Our indexer, Alex has finished describing the John Sigler Photograph Collection which we have put online in Alaska’s Digital Archives. Here’s what he has to say:
This collection consists of over 1400 photographs taken by John Sigler, a graduate of the University of Alaska Fairbanks’s class of 1950 or 1951. Though I only indexed a portion of the whole collection, it quickly became one of my favorites. Sigler is a brilliant stylist, and many of the photos are breathtakingly beautiful. Taken primarily during the early 1950s, they focus on Fairbanks and the University, with subjects like dances, parades, graduations, plays, and football games played in the snow. There are images of tanks and artillery lining the streets of downtown Fairbanks, and an image of Chief Justice Earl Warren shaking hands outside a University building. One memorable image depicts students playing with a polar bear cub, while another shows a cow parachuting lazily to the earth. Who put the cow in the parachute, you ask, and why did this person undertake such a ridiculous endeavor? I have no idea. Many of the photos came with little or no identifying information, leaving me to theorize and wonder (which, of course, is one of the joys of indexing). Here, for example, is a woman sitting at a table full of skulls. And she’s grinning!
Then there are the portraits, the candid images of campus life in the 1950s. As much as I love the stranger, more outlandish photos, I think I like these ones best. They depict a tea party shared in a 1950s living room, or a man in an overcoat, looking up at a stuffed bear, or two men adding breasts to a snowman and naming her “EVE.” There’s a certain liveliness and vivacity to these images, however irreverent they may be. They tell stories. I’m particularly fond of a photo in which a man and a woman share a kiss on a stage decorated in paper hearts. They appear to be the king and queen of something (a Valentine’s Day dance, perhaps?), but take a look at the way she balances her crown with one hand. Look at the way he’s touching her neck. It looks like real life.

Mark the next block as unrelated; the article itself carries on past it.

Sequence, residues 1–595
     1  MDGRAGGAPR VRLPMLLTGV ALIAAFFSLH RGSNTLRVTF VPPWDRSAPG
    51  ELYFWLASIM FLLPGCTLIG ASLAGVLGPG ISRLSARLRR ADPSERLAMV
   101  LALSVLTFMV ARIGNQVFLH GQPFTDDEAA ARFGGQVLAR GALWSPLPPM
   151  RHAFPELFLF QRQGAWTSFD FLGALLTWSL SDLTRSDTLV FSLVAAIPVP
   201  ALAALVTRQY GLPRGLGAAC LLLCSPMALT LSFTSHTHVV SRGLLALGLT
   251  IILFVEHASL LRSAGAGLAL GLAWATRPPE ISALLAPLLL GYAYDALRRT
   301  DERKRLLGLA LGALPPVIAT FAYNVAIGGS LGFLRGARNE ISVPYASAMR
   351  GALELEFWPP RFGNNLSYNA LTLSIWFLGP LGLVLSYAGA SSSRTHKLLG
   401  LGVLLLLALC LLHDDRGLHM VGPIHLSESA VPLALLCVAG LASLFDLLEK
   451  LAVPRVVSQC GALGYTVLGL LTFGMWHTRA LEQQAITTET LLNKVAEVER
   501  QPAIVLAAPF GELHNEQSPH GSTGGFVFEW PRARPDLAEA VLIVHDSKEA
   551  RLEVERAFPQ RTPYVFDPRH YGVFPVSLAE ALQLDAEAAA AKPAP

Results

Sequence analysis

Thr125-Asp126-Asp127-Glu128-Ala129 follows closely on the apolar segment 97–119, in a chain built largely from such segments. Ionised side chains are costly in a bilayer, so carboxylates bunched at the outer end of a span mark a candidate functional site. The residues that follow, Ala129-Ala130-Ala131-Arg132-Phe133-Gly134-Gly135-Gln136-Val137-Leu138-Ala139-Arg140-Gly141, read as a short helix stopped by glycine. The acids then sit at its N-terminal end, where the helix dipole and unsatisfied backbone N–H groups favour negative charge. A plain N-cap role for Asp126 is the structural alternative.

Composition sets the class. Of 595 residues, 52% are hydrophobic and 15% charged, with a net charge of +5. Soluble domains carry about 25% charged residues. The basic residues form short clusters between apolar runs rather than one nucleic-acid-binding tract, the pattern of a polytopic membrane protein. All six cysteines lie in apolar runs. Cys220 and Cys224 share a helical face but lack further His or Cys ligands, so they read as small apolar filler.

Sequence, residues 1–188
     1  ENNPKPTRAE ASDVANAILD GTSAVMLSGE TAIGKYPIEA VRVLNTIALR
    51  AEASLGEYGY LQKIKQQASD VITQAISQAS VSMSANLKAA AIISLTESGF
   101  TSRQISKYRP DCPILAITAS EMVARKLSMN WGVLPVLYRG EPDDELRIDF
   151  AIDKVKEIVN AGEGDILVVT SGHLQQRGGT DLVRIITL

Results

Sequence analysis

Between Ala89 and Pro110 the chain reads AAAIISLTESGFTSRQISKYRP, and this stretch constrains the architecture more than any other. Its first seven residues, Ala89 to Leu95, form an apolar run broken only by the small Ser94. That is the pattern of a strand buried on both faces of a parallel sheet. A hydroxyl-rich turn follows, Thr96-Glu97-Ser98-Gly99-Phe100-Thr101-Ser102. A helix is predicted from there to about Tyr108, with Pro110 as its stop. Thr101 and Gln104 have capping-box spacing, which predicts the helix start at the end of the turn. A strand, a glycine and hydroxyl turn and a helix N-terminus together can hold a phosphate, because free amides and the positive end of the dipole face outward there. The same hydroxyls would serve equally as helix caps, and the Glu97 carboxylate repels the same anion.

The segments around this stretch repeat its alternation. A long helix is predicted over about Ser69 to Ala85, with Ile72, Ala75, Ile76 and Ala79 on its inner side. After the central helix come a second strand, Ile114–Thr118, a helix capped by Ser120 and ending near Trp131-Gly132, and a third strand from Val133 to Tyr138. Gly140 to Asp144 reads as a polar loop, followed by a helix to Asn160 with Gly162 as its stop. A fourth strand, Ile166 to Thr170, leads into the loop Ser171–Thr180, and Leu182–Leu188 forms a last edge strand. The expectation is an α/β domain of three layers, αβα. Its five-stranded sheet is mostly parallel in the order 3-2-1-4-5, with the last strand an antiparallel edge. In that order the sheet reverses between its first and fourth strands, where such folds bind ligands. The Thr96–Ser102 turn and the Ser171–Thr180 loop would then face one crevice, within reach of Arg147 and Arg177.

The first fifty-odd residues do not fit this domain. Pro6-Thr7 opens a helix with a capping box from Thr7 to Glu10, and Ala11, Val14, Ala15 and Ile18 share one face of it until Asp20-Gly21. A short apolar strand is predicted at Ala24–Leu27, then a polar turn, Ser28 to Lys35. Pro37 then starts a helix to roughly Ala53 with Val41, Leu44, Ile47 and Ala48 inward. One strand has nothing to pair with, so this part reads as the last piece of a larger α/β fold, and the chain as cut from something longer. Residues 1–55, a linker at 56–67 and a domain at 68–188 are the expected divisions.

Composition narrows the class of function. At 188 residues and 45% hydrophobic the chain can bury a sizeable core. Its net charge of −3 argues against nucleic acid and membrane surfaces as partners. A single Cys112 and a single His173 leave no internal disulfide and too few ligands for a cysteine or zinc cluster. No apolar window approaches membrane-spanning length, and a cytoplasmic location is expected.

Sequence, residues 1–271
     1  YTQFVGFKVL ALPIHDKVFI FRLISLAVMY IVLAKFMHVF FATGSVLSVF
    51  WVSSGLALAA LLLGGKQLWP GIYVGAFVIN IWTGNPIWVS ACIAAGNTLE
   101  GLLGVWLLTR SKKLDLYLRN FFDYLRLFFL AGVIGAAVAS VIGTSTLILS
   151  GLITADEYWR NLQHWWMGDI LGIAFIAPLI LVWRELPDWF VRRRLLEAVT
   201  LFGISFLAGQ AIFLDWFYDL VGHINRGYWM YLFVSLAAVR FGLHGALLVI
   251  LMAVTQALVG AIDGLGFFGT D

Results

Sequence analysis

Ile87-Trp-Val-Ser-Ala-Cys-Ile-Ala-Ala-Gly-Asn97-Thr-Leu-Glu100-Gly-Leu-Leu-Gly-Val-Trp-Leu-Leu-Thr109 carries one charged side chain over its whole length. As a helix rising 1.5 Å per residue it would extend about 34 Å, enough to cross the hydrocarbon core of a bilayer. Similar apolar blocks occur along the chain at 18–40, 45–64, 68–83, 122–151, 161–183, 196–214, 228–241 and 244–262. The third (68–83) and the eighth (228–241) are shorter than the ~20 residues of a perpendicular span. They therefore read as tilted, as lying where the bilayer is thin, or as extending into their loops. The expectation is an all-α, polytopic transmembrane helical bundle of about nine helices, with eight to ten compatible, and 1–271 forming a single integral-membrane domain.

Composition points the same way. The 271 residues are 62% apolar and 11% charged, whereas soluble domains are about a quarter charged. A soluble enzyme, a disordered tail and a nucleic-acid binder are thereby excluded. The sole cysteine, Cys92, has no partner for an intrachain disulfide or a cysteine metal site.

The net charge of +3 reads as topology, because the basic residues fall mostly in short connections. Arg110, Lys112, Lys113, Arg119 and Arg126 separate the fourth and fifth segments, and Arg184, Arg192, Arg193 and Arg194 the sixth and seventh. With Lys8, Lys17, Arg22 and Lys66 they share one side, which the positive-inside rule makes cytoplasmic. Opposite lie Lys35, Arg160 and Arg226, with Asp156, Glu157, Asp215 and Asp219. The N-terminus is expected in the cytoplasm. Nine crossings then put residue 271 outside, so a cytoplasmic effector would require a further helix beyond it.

Or what about this photo, the one with the woman posing at her desk? At her back, a shelf is loaded with books, causing me to wonder if maybe she’s a librarian. I’m totally enamored with a tiny detail in this photo: the glasses sitting on her desk. Notice the way they’ve been positioned, as if to suggest she’s just removed them, probably for this very photo. There’s something very lived-in, very human in that gesture, don’t you think? It evokes a naturalness and immediacy that transports me. A single, frozen moment becomes a whole series of moments. There is movement now. Time is passing. And then I’m standing in the room across from her. The photographer adjusts his lens, and I can smell the musty books. It’s 1951.
In the library